Check for expiration dates.
Check the items in your fridge and cabinets for expiration dates. If the item has expired, discard it. If the expiration date is near, place a note on the item so you would be reminded to consume it before it expires. For items without a stamped expiration date, use your best judgment or ask someone who has more experience. When in doubt, it is probably better to lean on the safer side and discard the food, since spoiled can give you a bad stomach or worse, food poisoning.
Can foods are usually stored for months in the back of cabinets and stayed untouched. Look at the date stamps on the labels of the can foods. Throw away the expired ones. Donate the soon-to-be-expired can foods if you cannot eat the contents in the cans by the expiration date. The same goes for other types of food that can be stored for a long period of time, such as instant noodles.
If you have pets, be sure to check the pet food too, if you don’t want your pet to get sick.
Fruits should not be stored for too long. They usually become bad after awhile. It is better to consume them while they are fresh.
Take the time to make a grocery list of what you have and what you need, and bring this list with you the next time you go to the supermarket.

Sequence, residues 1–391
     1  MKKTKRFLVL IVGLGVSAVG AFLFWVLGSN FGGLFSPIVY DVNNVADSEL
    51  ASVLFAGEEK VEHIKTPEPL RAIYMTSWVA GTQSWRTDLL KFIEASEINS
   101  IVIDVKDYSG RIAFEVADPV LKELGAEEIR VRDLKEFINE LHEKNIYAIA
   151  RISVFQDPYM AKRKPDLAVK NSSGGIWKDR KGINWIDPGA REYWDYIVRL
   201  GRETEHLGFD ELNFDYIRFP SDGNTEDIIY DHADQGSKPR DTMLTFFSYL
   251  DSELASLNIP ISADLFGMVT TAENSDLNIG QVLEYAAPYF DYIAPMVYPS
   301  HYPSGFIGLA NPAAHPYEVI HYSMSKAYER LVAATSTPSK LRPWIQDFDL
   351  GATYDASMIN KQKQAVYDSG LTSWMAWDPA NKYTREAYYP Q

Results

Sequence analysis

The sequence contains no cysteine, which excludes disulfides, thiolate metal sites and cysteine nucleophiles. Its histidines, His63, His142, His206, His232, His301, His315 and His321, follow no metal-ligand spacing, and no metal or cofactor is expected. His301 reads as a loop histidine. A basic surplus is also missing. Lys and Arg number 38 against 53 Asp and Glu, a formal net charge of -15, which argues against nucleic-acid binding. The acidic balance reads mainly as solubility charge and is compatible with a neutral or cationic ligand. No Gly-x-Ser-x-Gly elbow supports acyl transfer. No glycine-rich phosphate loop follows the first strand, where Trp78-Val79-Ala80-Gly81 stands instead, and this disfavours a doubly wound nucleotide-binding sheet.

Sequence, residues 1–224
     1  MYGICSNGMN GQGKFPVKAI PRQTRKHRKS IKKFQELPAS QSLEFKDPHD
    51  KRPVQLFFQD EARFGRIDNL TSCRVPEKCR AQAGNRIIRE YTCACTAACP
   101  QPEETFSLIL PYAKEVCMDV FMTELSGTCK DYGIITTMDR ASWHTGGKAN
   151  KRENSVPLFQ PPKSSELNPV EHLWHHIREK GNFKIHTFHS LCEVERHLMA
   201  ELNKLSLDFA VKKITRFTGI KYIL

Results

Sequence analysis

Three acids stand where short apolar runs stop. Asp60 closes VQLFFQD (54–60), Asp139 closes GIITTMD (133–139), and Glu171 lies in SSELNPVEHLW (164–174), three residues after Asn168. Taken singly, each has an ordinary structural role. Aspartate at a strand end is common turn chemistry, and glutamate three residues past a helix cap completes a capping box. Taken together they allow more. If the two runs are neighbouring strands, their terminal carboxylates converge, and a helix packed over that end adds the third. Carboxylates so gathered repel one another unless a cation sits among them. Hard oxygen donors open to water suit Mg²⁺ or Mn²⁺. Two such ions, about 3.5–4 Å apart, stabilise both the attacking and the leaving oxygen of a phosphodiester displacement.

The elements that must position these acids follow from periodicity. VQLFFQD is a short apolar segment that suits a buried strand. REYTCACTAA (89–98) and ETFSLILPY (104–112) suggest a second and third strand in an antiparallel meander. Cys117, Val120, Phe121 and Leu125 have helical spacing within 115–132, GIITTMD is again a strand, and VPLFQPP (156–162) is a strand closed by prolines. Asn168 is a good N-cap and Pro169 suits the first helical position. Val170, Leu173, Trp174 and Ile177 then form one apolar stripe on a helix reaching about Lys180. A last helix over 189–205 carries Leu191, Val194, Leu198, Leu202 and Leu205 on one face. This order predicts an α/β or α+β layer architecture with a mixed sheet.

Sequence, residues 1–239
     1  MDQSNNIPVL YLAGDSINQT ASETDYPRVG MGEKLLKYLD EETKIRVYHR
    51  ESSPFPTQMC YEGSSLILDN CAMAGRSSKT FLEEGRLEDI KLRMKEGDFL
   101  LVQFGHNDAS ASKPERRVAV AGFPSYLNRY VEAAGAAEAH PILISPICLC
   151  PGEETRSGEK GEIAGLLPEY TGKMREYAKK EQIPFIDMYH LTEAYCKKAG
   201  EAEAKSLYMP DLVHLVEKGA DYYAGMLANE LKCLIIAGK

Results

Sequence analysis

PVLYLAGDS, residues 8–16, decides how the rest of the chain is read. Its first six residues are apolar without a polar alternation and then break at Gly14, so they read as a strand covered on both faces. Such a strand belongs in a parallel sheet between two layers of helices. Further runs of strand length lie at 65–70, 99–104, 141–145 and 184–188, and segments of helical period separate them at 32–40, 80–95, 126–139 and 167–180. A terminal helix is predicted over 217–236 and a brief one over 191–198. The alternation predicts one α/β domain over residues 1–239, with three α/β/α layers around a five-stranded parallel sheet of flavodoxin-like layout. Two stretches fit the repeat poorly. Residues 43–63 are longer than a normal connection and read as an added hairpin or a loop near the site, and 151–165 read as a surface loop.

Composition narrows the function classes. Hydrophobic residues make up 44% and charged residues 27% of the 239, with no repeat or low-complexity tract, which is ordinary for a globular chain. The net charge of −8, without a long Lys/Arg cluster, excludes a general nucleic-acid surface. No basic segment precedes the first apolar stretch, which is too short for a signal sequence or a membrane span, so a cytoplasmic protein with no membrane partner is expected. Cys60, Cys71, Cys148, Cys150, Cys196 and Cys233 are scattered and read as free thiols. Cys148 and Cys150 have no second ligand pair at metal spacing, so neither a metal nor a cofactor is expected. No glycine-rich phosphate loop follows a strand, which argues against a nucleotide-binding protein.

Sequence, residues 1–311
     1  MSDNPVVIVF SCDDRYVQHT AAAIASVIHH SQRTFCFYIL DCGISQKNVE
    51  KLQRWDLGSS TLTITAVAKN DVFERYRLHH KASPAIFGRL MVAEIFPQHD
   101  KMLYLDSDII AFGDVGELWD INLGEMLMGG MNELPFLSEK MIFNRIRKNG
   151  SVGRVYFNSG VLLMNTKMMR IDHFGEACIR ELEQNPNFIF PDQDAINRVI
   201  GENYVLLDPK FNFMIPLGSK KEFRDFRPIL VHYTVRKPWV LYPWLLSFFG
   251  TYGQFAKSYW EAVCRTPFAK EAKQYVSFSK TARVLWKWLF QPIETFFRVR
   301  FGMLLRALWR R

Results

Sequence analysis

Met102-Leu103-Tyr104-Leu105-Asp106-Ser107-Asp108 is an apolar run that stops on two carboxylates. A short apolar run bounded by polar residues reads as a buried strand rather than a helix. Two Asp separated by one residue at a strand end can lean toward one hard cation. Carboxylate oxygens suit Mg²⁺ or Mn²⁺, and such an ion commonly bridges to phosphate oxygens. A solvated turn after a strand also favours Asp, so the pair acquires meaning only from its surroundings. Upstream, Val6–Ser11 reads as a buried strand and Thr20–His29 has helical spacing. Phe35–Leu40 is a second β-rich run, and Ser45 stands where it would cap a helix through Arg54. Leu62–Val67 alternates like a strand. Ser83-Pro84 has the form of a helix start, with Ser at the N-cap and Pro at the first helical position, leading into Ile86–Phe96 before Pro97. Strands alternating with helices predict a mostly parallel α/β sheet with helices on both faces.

Check the items in your medicine cabinet. These items are often overlooked because they sit in the cabinet and normally go unnoticed for long periods of time. It is a good idea to replace tablets, pills, and first aid solutions if they have expired. Have an ample supply of first aid material or common used medicine in case of emergency.
It’s a good time to clean out your closet. See which clothes you don’t need anymore. For example, screen through all your summer clothes and put all the ones you won’t wear in a separate bag for donation.
Many of us do not pay attention to rotating the mattress. If you have a traditional mattress, it’s a good time to flip the mattress over and sleep on other side. Rotating to the side extends the shelf life of the mattress, thus by saving you money.
All equipment should be tested periodically and maintained properly to increase their lifespan.
Make sure there’s nothing clogged up in the washing machine. Check that the water tube connectors are tightly securely. Clean the dryer lint and wash it.
During the winter, most air conditioners are stowed away. If yours is accessible, check the air filter to see if needs replacing.
Some heaters may need work to get the heat running, for example, like the old heaters with pipes that needs hot running water. Sometimes the heater may not be warm because the hot water is not reaching there, especially if you live on the higher floors. I used to live in an apartment that uses this heating method. The pipes would be cold and I would have to release the water from a nozzle in the pipes until hot water starts flowing. Once the hot water starts flowing in the pipes, the heat builds up and then room becomes warm. It is low technology but it’s an important step to take if that’s what it needs to warm your home.